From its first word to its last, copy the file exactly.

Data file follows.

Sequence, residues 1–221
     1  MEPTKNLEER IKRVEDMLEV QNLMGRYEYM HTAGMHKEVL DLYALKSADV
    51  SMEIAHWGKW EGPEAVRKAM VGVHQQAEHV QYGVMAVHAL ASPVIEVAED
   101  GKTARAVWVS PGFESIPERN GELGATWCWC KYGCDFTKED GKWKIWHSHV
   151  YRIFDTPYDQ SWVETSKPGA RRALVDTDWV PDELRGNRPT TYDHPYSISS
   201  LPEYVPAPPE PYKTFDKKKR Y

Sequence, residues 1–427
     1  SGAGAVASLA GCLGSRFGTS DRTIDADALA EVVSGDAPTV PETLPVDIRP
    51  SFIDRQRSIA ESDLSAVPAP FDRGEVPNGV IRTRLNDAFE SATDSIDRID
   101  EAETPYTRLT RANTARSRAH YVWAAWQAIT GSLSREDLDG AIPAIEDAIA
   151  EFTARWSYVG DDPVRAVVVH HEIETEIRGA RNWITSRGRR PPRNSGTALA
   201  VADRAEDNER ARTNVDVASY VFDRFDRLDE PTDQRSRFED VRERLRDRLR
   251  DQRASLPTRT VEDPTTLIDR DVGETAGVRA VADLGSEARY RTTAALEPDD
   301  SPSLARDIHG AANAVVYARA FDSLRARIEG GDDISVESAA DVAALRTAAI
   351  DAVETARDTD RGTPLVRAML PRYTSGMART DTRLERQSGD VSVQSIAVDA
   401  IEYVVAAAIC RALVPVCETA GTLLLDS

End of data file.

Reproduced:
Sequence, residues 1–221
     1  MEPTKNLEER IKRVEDMLEV QNLMGRYEYM HTAGMHKEVL DLYALKSADV
    51  SMEIAHWGKW EGPEAVRKAM VGVHQQAEHV QYGVMAVHAL ASPVIEVAED
   101  GKTARAVWVS PGFESIPERN GELGATWCWC KYGCDFTKED GKWKIWHSHV
   151  YRIFDTPYDQ SWVETSKPGA RRALVDTDWV PDELRGNRPT TYDHPYSISS
   201  LPEYVPAPPE PYKTFDKKKR Y

Sequence, residues 1–427
     1  SGAGAVASLA GCLGSRFGTS DRTIDADALA EVVSGDAPTV PETLPVDIRP
    51  SFIDRQRSIA ESDLSAVPAP FDRGEVPNGV IRTRLNDAFE SATDSIDRID
   101  EAETPYTRLT RANTARSRAH YVWAAWQAIT GSLSREDLDG AIPAIEDAIA
   151  EFTARWSYVG DDPVRAVVVH HEIETEIRGA RNWITSRGRR PPRNSGTALA
   201  VADRAEDNER ARTNVDVASY VFDRFDRLDE PTDQRSRFED VRERLRDRLR
   251  DQRASLPTRT VEDPTTLIDR DVGETAGVRA VADLGSEARY RTTAALEPDD
   301  SPSLARDIHG AANAVVYARA FDSLRARIEG GDDISVESAA DVAALRTAAI
   351  DAVETARDTD RGTPLVRAML PRYTSGMART DTRLERQSGD VSVQSIAVDA
   401  IEYVVAAAIC RALVPVCETA GTLLLDS